I do not know, and I do not care - what an OD might thing.  I just do not want my vision destroyed by an excessive minus lens. 

This is why I made the video - so you can check yourself.  The legal standard is that I must read the 20/40 line, with both eyes open.  That is ONE objective requirement that we all must pass.  (That 20/40, is "worst case" for me).  By checking with my own test lens - I can see if a -3/4 will give me 20/20.  If it does, then I have NO HEALTH PROBLEM.  I have "negative status", that I can slowly recover by wearing a plus for near. 

If a -3/4 diopter did NOT give me 20/20, then I would know that I have a "medical problem", and would go for a medical exam.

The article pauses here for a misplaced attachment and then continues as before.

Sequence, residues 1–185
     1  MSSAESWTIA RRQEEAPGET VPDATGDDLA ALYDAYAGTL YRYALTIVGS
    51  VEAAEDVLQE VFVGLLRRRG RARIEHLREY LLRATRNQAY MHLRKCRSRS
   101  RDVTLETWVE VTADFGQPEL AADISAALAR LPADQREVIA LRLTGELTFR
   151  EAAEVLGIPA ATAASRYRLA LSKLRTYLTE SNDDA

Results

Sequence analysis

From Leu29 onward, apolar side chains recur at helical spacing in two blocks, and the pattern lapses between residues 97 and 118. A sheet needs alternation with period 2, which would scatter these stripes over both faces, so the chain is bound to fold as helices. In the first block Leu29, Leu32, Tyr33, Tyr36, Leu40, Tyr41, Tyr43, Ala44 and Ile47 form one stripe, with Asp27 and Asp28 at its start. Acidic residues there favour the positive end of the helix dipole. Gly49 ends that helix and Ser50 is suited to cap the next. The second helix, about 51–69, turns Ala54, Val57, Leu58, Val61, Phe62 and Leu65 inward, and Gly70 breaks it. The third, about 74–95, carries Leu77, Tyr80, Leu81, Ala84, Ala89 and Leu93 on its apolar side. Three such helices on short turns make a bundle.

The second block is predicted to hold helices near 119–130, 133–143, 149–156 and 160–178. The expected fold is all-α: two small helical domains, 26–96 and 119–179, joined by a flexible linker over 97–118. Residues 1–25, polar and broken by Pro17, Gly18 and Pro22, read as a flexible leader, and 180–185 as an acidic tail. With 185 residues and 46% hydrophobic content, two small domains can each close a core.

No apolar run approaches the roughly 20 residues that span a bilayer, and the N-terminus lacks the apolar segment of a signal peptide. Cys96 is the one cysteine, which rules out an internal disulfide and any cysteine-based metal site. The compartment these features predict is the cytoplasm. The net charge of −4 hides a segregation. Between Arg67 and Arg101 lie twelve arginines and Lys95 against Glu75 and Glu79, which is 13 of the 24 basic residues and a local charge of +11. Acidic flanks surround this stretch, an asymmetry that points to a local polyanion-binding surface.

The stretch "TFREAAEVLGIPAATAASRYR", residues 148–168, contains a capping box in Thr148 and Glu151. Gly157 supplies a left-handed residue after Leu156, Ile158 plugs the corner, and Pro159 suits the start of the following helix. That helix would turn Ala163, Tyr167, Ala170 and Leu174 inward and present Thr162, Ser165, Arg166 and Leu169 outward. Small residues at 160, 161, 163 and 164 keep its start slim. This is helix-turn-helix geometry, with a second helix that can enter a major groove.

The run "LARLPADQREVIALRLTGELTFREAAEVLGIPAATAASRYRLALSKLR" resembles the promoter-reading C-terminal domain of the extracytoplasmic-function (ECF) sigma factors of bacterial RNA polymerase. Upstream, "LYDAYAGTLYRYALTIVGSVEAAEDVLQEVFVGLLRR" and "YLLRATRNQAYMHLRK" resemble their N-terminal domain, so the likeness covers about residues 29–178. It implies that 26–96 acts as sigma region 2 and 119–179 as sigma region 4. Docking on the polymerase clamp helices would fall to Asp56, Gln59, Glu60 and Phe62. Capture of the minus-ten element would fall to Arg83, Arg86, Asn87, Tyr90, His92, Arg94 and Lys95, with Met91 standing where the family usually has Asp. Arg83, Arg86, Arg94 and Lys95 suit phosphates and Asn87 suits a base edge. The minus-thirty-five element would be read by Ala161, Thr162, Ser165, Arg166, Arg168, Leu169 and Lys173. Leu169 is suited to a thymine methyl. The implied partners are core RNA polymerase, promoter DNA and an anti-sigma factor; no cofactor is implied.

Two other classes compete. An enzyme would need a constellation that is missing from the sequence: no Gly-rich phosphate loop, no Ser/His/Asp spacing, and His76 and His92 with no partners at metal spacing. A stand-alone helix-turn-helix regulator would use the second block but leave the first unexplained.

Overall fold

I think that anyone working on "vision improvement" should make these simple measurements himself.  This is NOT the "practice of medicine", and you are not "prescribing for yourself".  Remove "medical terms" for self-measurement, and you will do better.

If you can, with both eyes open, read better-than 20/40, then you will pass the DMV requirement.  That means you can avoid wearing a minus lens - most of the time.  I am "practical" here.  If I were at 20/40, I would buy a -3/4 minus from Zennioptical for $9, and just keep it in my car.
I would do that, until I can confirm 20/25 on my own Snellen.  Then I can stop wearing the minus lens for driving.

But I would be wearing a +1.5 diopter for ALL CLOSE WORK.  As my Snellen improved, I would plan to increase that to +2.0 to +2.5 diopters, to keep the 20/25 to 20/20, I eventually objectively confirm.